Skip to main content

The Globe and Mail

Urban Outfitters' 'Navajo hipster panty' enrages Native Americans

Hipster mainstay Urban Outfitters has drawn the ire of the Navajo Nation for its "Navajo" branded clothing and accessories line, which includes a pair of low-waisted panties and an impossibly ill-advised liquor flask.

While Native American-inspired prints have long been a beloved staple of hipsters, Urban Outfitters actually labelled its line of oversized pullovers, sneakers and fringed bags as "Navajo," a point taken none too kindly by the Navajo Nation government, which holds a dozen trademarks on the name, encompassing clothing, textiles, household products and other items. The government is demanding Urban Outfitters adopt another name for the line, reportedly sending the company a cease-and-desist letter in June.



"When products that have absolutely no connection to the Navajo Nation, its entities, its people, and their products are marketed and retailed under the guise that they are Navajo in origin, the Navajo Nation does not regard this as benign or trivial," Brian Lewis, an attorney for the tribe, told the Associated Press.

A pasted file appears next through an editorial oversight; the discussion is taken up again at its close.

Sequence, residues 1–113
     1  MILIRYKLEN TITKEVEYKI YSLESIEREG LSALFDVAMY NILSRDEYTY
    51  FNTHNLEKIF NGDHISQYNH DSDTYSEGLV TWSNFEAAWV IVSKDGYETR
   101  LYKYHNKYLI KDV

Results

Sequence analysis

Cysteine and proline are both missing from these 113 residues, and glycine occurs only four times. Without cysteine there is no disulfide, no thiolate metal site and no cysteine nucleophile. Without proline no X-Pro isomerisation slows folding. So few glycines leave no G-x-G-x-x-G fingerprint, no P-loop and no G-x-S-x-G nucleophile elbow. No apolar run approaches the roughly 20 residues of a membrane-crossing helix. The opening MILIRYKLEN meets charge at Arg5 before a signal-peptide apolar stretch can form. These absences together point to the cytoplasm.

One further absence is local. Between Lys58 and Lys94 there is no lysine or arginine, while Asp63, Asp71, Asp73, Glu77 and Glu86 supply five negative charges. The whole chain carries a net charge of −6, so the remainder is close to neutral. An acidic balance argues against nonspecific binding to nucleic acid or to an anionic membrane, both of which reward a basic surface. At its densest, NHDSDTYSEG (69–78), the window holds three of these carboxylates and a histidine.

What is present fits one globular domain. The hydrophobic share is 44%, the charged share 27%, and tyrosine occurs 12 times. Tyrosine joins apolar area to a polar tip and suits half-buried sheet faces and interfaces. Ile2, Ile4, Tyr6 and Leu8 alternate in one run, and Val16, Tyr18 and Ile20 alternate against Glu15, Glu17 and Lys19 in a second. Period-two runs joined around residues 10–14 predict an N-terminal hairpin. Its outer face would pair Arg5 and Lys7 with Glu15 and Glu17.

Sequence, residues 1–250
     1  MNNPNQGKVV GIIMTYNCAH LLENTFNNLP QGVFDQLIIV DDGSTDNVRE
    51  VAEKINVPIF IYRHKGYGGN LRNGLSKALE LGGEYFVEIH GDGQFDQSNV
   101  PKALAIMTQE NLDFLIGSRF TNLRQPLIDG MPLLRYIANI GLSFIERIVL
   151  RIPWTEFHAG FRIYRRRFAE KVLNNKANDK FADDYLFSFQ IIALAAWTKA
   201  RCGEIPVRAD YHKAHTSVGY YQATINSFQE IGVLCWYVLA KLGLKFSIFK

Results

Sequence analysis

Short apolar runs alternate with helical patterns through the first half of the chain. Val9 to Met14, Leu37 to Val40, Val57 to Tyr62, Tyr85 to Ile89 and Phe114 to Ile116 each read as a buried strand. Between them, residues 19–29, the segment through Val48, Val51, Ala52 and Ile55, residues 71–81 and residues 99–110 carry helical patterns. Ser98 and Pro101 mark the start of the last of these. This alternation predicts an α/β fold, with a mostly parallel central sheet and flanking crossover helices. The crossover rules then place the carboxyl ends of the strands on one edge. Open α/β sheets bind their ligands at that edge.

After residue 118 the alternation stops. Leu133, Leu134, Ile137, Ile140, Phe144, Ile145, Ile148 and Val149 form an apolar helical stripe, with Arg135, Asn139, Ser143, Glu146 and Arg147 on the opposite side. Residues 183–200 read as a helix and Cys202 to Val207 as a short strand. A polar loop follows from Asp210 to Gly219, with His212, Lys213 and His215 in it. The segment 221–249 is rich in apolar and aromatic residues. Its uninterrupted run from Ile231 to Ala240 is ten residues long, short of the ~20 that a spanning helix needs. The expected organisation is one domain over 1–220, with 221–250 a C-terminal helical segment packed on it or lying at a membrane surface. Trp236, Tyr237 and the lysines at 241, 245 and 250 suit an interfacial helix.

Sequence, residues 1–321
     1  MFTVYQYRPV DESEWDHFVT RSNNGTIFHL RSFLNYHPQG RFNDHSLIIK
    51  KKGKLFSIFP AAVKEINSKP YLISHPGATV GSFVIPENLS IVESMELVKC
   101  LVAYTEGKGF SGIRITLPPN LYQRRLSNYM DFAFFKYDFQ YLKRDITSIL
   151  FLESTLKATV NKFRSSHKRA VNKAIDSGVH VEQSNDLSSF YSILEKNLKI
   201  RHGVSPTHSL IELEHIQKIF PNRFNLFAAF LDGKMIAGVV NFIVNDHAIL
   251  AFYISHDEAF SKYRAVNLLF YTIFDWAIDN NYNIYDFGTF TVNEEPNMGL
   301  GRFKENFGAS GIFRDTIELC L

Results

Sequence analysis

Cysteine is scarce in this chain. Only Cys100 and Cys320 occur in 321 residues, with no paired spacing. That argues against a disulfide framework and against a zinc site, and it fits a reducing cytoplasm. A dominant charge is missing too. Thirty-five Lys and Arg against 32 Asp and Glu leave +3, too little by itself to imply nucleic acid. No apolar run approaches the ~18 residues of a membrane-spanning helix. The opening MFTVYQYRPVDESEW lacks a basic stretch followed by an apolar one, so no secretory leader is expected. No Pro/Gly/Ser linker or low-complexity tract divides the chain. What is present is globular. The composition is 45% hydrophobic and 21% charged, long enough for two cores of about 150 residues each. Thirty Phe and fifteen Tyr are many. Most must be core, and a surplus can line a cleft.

Story continues below advertisement



So far, the company appears to have no plans to change the line: "The Native American-inspired trend and specifically the term 'Navajo' have been cycling through fashion, fine art and design for the last few years," a spokesperson told AP.



It's not the first time Urban Outfitters has been accused of problematic co-opting: Several indie designers have claimed the company has flagrantly ripped off their creations. Urban Outfitters also drew headlines in August when parents sued the chain after catching a glimpse of T-shirts that showed their model daughter – then underage – with her legs splayed atop a motorcycle.



With the current flap, Native American critics say Urban Outfitters is sexualizing and trivializing their ethnic symbols for corporate profit – which may be even worse than using it to promote hipster cred.



Would you wear faux-Navajo or is there something left to be said for authenticity?

Report an error Licensing Options
About the Author

Zosia More

Comments are closed

We have closed comments on this story for legal reasons. For more information on our commenting policies and how our community-based moderation works, please read our Community Guidelines and our Terms and Conditions.